8.0 Shell Basics
When working with Linux nowadays, you can communicate with the system
nearly without ever requiring a command line interpreter (the shell). After
booting your Linux system, you are usually directed to a graphical user
interface that guides you through the login process and the following
interactions with the operating system. The graphical user interface in
Linux (the X Window System or X11) is initially configured during
installation. Both KDE and GNOME desktop and other window managers you can
install use it for interaction with the user.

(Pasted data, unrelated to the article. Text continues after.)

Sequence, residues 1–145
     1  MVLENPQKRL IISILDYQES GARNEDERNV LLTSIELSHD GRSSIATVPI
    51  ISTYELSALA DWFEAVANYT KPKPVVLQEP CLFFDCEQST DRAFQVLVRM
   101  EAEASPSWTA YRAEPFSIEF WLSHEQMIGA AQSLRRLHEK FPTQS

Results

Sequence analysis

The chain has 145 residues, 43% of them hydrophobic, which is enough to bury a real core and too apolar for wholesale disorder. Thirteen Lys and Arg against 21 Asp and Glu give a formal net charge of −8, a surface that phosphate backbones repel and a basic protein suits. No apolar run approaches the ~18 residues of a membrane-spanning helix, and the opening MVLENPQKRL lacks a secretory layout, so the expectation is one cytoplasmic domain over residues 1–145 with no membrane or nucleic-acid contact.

Nevertheless it is useful to have some basic knowledge of working with
a shell because you might encounter situations where the graphical user
interface is not available—for example, if some problem with the X
Window System occurs. If you are not familiar with a shell, you might feel a
bit uncomfortable at first when entering commands, but the more you get used
to it, the more you will realize that the command line is often the quickest
and easiest way to perform some daily tasks.
For UNIX or Linux several shells are available which differ slightly in
behavior and in the commands they accept. The default shell in openSUSE®
is Bash (GNU Bourne-Again Shell).
The following sections will guide you through your first steps with the
Bash shell and will show you how to complete some basic tasks via the
command line. If you are interested in learning more or rather feel like a
power user already, refer to